The newest ICV to enter service with a major army, the US Army, is the Bradley Fighting Vehicle System, Popularly known as the M2 Bradley. It is a sophisticated and well equipped vehicle which is the culmination of many years of development and dispute over design philosophy. The M2 Bradley is equipped with heavy armament and is specifically intended to fight in company with the MI Abrams MBT. Weighing 22.7 tons, this ICV can carry one infantry section which can fire either mounted or dismounted. It has a two-man turret mounting a 25 mm stabilised gun, its primary weapon, supported by the TOW ATGW and a 7.62 mm coaxial MG. Its “space laminate” armour is designed to protect against small calibre weapons, provide overhead protection against artillery airbursts and hull protection against anti-personnel mines. The commander and gunner are both Provided night vision devices. However, the M2 Bradley’s aluminum armour is vulnerable to all HEAT rounds such as the RPG-7’s, as aluminum vaporises quickly when struck by HEAT rounds.
The ICV is not universally accepted as a potent as a potent or even sensible concept. During the 1973 Yom Kippur War, numerous battlefield photographs were Published showing Soviet BMPs whose turrets had been literally blown off. Some critics suggest that armies would be better advised to follow the Israeli example of the Merkava MBT end develop their tanks to carry some soldiers rather than to expend further resources on ICVs. Also, newer ICVs tend to rival tanks in size, weight, fuel consumption and cost but lag far behind in combat effectiveness.
Characteristics of modern ICVs are at Table2.
It was the employment of artillery that extended the lethality and destructiveness of the battlefield from 18th century onwards. During World War II, almost 60 percent of all battle casualties were casualties were caused by artillery fire. Major technological advances in mobility and munitions have occurred in recent years. Sophisticated guns, revolutionary types of ammunition and automated fire control systems with reliable digital communications, are being increasingly introduced into service and are leading to the most profound rethinking of tactics since world war II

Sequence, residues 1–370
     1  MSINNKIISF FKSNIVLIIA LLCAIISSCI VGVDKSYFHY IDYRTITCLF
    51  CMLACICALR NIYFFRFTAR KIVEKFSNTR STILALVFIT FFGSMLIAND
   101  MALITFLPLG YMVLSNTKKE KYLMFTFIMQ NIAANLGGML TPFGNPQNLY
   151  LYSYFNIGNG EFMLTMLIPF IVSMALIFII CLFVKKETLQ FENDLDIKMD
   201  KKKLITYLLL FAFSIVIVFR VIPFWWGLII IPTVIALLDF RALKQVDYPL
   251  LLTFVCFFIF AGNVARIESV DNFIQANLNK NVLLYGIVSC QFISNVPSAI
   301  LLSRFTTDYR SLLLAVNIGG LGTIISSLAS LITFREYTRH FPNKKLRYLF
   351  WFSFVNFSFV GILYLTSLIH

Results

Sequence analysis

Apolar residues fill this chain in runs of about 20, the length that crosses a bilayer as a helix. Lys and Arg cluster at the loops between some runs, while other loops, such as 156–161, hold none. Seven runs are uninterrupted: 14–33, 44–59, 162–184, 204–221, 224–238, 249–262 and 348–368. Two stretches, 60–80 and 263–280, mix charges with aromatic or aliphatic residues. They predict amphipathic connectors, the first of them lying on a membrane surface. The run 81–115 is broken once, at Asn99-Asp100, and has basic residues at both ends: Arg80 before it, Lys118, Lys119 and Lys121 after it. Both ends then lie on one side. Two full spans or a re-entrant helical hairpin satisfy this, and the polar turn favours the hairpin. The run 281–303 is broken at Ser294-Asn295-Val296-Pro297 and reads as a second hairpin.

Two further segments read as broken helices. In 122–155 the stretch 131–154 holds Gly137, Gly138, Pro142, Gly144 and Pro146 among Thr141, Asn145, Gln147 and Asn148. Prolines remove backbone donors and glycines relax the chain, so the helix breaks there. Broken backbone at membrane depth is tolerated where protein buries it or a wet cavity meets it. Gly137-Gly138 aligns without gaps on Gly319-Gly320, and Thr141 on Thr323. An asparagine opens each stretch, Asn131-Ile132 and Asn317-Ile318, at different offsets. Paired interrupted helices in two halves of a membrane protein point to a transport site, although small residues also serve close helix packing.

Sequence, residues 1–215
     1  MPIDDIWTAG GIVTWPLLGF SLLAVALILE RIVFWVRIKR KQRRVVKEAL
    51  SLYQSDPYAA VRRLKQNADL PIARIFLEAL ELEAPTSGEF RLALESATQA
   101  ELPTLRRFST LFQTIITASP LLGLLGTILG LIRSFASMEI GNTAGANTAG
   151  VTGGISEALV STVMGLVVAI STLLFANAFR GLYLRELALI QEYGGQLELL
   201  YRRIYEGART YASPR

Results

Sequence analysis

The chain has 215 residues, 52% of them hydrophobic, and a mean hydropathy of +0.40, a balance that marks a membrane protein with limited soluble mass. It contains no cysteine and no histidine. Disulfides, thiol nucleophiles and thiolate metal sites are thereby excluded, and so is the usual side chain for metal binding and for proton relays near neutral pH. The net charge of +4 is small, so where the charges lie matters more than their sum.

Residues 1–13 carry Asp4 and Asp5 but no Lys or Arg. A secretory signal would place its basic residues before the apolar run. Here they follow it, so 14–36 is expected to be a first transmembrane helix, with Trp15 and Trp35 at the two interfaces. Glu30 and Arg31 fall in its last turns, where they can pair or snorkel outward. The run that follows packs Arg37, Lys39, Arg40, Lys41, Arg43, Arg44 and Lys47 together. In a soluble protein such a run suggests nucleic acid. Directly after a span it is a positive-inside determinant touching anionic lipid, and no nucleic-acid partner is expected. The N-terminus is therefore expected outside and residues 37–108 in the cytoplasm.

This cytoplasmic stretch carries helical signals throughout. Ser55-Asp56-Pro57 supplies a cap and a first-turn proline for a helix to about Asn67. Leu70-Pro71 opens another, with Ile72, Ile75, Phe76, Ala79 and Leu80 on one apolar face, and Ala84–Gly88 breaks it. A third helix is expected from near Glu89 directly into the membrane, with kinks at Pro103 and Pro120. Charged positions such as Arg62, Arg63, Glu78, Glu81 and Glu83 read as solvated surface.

Guns and Howitzers
Modern artillery guns are being designed o fire faster and farther, with greater efficiency. As well as to provide the cres protection against. Small arms fire and shell or bomb splinters. These guns are caable of good cross country performance. Short time into and out of action, high rate of fire and, in some cases, air transportability 155 mm and 152 mm calibers have crystallised as the ones most favoured by NATA and Warsaw pact countries, respectively for their towed and self-propelled (SP) medium artillery.
Towed 155 mm guns like FH-70 of UK-FRG-Italy and FH-77B of Sweden, are equipped with auxiliary propulsion units which enable the gun to travel short distances independently of its tractor, greatly reducing the time required to come into and out of action. Hydraulically assisted semi-automatic loading enables even these heavy guns to achieve burst rates of fire. FH-77B can fire a burst of six rounds in 20 seconds and has a sustained rate of fire of six rounds minute for 20 minutes. Sore guns are equipped with swing-back barrels which, in the travelling position, reduce the turning radius of the tractor and gun and enable the gun to occupy far lesser cargo space during air transportation. The SP guns mostly have 360 turret tra traverse, large ammunition stowage capabilities and mobility comparable with MBTs.